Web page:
Forever and Always
On Pride, Our Namesake, and Our Celebrated Community
The birth of a genius
June is Pride Month, but we celebrate pride in many ways year-round at Turing. Today we celebrate the birthday of Alan Turing, our namesake. Born June 23, 1912, Alan Turing is most well known for his work as a codebreaker during World War II. He invented a machine that could run narrow billions of possible keys down to a handful and decipher the Germans’ encrypted messages. His work helped to save thousands of lives, and his team was credited by some for hastening the allies’ success and ending the war at least two years earlier than it would have otherwise.
“We can only see a short distance ahead, but we can see plenty there that needs to be done.”
— Alan Turing
And yet, despite his genius and unyielding contributions, Alan Turing was prosecuted for being a gay man. He was arrested and pled guilty to “gross indecency,” and rather than spend a year in prison, was given hormone treatment. He was persecuted simply for being who he was—at the hands of his own government and died a year later, shortly before his 42nd birthday in 1954. His story is a tragic reminder that hate and ignorance can rob us of people and ideas that should be celebrated, never stifled.
A foundational part of our ethos
When naming Turing, our founder not only wanted to honor Alan Turing as the father of computer science, but remind us that the world missed out on the full spectrum of his genius because of oppression. It is our mission to do all we can to prevent loss of this magnitude for humanity, and it’s a mission we take seriously. It isn’t performative; the LGBTQIA+ community is represented at every level within our organization, starting with the highest levels of leadership. As Turing Back End Associate Instructor Jamison Ordway says, “It's incredibly freeing to work with colleagues who invite my input, celebrate my identity, and consider my experiences an asset.”
Turing Student Development Specialist Emma Byers, mama of seven-month-old fraternal twins Wren and Wilder, echoed that sentiment. “Being queer is a normalized, celebrated thing. My full person is welcome here. I don’t have to code-switch this part of my identity. I can really show up as myself.” Moreover, Turing has taken steps to provide employees with exceptional medical and gender-affirming benefits. For Emma, all of this translates into being seen in her full humanity as a queer person. It attests: We want you to thrive. We want your family to thrive. We want you to live a life in alignment with your highest truth. “That feels really invaluable,” she says. Turing Managing Director Ellen Mary Hickmann adds, “As a part of the queer community, finding a place with over 30% LGBTQIA+ staff representation is very special. At Turing, our staff puts so much emotional labor into our students. We’re proud to repay that by supporting them in their personal and family lives wherever we can.”
“Queerness is queer. How one person expresses it is vastly different from another.”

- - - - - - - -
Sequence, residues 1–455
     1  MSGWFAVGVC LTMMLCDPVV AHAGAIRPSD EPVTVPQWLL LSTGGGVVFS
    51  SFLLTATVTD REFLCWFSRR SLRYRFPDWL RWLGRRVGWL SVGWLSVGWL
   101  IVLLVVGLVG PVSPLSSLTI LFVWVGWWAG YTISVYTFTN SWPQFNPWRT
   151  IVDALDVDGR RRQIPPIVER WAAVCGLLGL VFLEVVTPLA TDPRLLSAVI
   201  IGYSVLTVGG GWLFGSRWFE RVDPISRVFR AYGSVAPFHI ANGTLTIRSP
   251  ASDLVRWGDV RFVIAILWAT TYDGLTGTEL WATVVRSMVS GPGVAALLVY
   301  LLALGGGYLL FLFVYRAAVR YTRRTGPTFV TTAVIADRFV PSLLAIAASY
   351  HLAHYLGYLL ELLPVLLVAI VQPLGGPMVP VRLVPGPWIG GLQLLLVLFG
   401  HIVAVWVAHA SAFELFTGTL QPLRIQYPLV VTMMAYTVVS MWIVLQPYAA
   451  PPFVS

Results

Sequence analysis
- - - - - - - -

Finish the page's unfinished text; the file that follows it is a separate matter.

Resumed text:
— Gabrielle Joyce
Turing strives to provide community, collaboration, and support for LGBTQIA+ folks on the student side as well. One way is through student and alumni-led groups, called “circles,” including QueerQoders (QQ). Turing alum Gabrielle Joyce recalls, “There were no expectations in regards to explaining how I live my life or express my queerness. When I needed more technical and emotional support during my time at Turing, I posted on QQ. Several people reached out in solidarity and offered their support. This resulted in meeting someone who would become my mentor, and who would later help me frame how I approached the job search and evaluate how prospective employers answered my questions.”
The march continues
Next Tuesday marks the anniversary of the Stonewall uprising, the series of spontaneous protests by members of the gay community in response to police brutality at the Stonewall Inn in the Greenwich Village neighborhood in New York City on June 28, 1969. The Stonewall riots are undeniably the watershed event that transformed the gay liberation movement and the twentieth-century fight for LGBTQIA+ rights in the United States. Within weeks, Village residents organized into activist groups demanding the right to live openly regarding their sexual orientation, and without fear of being arrested. A year after the uprising, pride marches took place in Chicago, Los Angeles, New York, and San Francisco. Within a few years, gay rights organizations were founded across the U.S. and the world. Today, pride events are held annually this month in honor of the Stonewall riots.
“Pride is living and loving your authentic self, and being able to show that in any way that makes sense to you.”
— Gauri Joshi
Turing student Gauri Joshi says, “It is pretty amazing to see how much pride has been accepted into mainstream culture with more corporations joining the bandwagon each year, but I never want to forget the origin of it and honoring the legacy of those who came before us who faced such harmful discrimination and hatred, and still marched forward.” She continues, “I got married earlier this year, in a same-sex Hindu ceremony, which was something I could never have imagined a few years ago. Growing up queer and desi, I never saw myself represented in real life or media, so this Pride Month feels extra special and is all about celebrating that intersectionality with my wife, our families, and our queer desi community.”
And while progress has been made, let’s not forget that oppression is still a pressing threat. As Emma poignantly cautions, “The first pride was a riot. It wasn’t about rainbow floats and rainbow splashing. It was about people fighting for their lives. Some people in certain parts of the country and around the world are still doing that. It’s important to keep the political agenda of pride in mind as we are celebrating in other ways, too.”